Leena BhaduriHauck removed a white egg from a carton and drew an outline of a design on it with a pencil.
Next, she dropped the egg into a yellow dye and set a cooking timer for five minutes. When the timer dinged, she removed the egg and placed it on a drying rack.
She sat down at the dining room table in her Street home and lit a tall yellow candle. Then she picked up a kistka, a tool used to apply beeswax to eggs, and ran the end of it through the candle flame.
She filled the tip of the kistka with wax, ran it through the flame again and tested the wax on a small piece of paper. She picked up a dyed egg and slowly began applying wax.
She was demonstrating the steps to create pysanky art - writing elaborate symbolic designs on eggs using hot wax and dyes.
"This technique dates back to the Bronze Age, and it's where the art of coloring Easter eggs originated," said the 46-year-old BhaduriHauck. "If you look at Easter candies - on eggs and bunnies - you see remnants of the Ukrainian symbols that this art is based on."
After more than a decade of creating pysanky eggs, BhaduriHauck has established herself as a leader of the art in the United States.
"She's one of the best pysanky artists I've ever seen," said Linda Zvitkovitz, who grew up in Ukraine decorating the eggs.
BhaduriHauck's eggs have been spotlighted in exhibits in the White House, Government House in Annapolis, the Clinton Presidential Library, and in private collections across the country. In addition, she creates eggs that she sells on a commission basis for $25 to $300 each. She also sells eggs at festivals throughout the year.
BhaduriHauck's introduction to pysanky came from her Latvian mother, who taught her to make natural dyes to color the eggs when she was a child. But she didn't learn any of the other parts of the pysanky process then.
Years later, she attended Goucher College, where in 1981 she earned a degree in biology. Her classes were primarily in the sciences, but she took an occasional art course.
At a summer art festival in 1995, she met Zvitkovitz, who was selling pysanky eggs for $8 to $12 each. BhaduriHauck liked what she saw and asked Zvitkovitz to teach her the art.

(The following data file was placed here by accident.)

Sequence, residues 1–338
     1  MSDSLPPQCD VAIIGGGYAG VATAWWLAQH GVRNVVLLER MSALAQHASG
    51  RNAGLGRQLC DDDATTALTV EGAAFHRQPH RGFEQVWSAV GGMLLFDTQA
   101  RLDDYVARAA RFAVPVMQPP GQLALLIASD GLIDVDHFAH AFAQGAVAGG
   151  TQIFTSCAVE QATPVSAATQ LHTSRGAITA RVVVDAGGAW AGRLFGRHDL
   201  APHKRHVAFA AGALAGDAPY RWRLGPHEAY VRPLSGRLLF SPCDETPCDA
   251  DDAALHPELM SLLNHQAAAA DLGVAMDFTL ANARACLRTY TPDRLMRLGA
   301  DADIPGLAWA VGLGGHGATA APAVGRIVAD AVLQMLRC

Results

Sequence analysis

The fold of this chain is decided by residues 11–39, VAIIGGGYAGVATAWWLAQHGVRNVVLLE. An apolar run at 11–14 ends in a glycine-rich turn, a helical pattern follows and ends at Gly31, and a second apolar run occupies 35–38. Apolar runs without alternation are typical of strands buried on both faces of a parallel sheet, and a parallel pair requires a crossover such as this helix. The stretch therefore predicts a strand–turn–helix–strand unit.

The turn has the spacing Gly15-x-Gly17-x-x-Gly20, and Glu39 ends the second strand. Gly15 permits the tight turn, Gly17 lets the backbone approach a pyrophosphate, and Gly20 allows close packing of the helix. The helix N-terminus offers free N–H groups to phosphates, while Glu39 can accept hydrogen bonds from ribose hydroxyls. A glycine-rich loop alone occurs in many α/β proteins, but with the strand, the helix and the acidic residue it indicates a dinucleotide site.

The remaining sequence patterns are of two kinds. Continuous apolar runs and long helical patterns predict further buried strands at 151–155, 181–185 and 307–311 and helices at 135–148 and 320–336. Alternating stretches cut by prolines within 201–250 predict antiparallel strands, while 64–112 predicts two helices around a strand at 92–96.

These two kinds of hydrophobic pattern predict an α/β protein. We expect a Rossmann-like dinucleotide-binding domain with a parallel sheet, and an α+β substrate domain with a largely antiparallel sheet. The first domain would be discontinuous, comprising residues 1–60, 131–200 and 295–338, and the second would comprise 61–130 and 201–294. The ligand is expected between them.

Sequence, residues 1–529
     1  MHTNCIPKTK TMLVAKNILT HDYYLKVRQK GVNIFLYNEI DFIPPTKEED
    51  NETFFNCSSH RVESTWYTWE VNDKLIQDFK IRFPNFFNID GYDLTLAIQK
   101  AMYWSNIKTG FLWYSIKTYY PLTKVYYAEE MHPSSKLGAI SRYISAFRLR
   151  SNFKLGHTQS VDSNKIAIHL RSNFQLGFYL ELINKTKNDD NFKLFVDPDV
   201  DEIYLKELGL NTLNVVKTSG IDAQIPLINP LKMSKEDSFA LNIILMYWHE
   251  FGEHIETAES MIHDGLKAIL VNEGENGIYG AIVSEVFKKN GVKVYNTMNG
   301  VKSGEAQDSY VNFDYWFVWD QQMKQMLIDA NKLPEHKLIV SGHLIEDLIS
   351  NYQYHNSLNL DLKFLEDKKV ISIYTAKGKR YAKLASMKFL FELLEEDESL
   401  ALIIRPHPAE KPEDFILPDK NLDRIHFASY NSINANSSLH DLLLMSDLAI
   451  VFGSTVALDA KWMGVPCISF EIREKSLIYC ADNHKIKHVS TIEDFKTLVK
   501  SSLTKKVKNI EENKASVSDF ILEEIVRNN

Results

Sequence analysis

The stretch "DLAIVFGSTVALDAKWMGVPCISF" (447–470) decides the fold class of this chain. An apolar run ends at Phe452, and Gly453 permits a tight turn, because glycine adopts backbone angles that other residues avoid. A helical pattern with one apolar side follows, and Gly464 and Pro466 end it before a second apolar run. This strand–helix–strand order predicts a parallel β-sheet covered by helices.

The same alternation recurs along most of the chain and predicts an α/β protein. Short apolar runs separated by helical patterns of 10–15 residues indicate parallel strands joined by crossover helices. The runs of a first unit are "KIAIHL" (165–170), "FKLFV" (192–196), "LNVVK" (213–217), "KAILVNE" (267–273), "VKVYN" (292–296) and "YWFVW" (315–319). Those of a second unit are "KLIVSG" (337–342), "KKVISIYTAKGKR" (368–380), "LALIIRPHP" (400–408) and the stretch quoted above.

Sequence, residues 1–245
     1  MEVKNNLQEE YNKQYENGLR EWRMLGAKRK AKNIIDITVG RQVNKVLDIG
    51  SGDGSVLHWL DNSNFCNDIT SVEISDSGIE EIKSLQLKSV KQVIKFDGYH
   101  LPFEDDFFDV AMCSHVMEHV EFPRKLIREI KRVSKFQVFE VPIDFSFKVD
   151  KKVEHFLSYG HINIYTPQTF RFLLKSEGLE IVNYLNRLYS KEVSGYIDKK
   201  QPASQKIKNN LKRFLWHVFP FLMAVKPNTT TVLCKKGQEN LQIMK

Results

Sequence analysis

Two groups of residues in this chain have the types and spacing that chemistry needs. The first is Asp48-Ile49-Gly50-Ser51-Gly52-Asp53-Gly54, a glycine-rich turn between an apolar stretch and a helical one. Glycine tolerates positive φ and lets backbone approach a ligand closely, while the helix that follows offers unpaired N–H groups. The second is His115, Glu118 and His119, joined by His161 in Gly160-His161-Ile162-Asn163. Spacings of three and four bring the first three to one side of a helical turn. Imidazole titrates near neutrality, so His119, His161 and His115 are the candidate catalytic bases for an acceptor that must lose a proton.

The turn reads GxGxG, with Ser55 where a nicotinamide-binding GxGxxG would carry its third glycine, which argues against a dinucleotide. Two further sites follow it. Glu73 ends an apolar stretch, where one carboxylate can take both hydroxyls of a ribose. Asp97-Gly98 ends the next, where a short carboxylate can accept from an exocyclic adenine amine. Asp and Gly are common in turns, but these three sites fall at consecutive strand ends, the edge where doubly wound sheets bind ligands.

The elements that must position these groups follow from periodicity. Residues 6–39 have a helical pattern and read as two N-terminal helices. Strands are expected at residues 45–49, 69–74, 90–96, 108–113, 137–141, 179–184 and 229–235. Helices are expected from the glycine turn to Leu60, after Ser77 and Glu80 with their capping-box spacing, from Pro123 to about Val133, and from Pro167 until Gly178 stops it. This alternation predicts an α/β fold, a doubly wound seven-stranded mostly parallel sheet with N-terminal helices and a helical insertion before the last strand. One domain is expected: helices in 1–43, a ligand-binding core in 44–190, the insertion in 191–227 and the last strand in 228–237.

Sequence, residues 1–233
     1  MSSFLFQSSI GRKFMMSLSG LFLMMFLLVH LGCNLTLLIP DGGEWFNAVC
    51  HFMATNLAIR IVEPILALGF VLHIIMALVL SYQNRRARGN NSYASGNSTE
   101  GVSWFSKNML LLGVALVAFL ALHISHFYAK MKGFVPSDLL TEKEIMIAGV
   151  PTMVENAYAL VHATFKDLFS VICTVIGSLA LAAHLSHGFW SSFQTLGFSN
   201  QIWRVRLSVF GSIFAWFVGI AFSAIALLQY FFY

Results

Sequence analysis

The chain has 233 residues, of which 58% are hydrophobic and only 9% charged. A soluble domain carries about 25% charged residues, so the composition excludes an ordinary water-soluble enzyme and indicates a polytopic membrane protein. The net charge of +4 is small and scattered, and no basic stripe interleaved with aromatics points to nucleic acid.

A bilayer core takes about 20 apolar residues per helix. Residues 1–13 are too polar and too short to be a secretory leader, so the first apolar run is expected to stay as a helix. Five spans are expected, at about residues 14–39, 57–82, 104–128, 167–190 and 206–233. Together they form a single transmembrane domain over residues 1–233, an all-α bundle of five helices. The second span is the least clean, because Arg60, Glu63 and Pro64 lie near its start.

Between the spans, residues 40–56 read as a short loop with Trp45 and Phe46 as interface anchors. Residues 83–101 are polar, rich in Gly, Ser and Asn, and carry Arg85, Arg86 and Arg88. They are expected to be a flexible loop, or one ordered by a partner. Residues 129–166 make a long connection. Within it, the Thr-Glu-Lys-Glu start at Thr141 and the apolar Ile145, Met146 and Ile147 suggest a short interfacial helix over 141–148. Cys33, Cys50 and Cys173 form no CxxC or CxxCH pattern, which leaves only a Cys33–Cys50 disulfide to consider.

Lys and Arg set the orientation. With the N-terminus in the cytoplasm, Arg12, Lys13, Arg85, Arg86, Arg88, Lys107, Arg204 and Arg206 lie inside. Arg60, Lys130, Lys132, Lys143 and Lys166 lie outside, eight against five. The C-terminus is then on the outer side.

She started out slowly and perfected her talent over time.
At first, she worked on the eggs full time. But eventually she went to work as a loan officer for Chapman Mortgage Group Inc. in Cockeysville, and her pysanky was limited to evenings.
As she developed her skills, she learned some invaluable lessons.
"One of the most important things I learned was to make a hole in the bottom of the eggs because they can explode in the oven like little bombs if you don't," BhaduriHauck said.
In addition to practical lessons, she also learned patience and how to adjust to adverse circumstances.
"This art teaches you to adjust to things when they aren't perfect," she said.
She caught on right away in making the eggs, Zvitkovitz said. "Her peaceful personality lends itself to the craft," Zvitkovitz said. "She just ran with it."
BhaduriHauck quickly outgrew the lessons.
"When I make the eggs, I do straight lines and bold colors. She did things I would never dream of doing," said Zvitkovitz. "I taught her the technique, but she could see and imagine things better than I could."
After perfecting the technique, BhaduriHauck decided to create her own designs, Zvitkovitz said.
"She made a Santa Claus face on an egg that just floored me because usually the colors come out bright and bold on the eggs, and she made the Santa face with white whiskers and light rosy cheeks," said Zvitkovitz, 39, of Bel Air.
Once she was comfortable with the eggs she made, BhaduriHauck researched and learned about the spirituality and symbolism of the designs.
"Pysanky is practiced to bring good fortune, health and a myriad of blessings to those who receive them," BhaduriHauck said. "It's hard to part with the eggs because when you give someone an egg, there's a part of your spirit that goes with it."
Through her research, she also learned that some of the eggs have specific motifs incorporating the identity of the person for whom the egg is intended.
For example, a child might receive bright eggs with broad bands of color with animals or plants, while adults might receive the Forty Triangles egg that represents the complexity of life, she said.
Easter is a busy time for creating the eggs. Artisans who make the eggs make them for family, friends, priests, family animals - and even for bees.
The eggs may be placed at each end of a house, in barns or even in a beehive to protect the various inhabitants.
"A pysanky artist might make about 60 eggs for Easter," BhaduriHauck said. "Typically, the eggs are made during the 40 days of Lent, when people are thinking of others."
She generally spends about a week on an egg, though in some cases she's spent an entire year. That was the case with a peacock egg she created recently.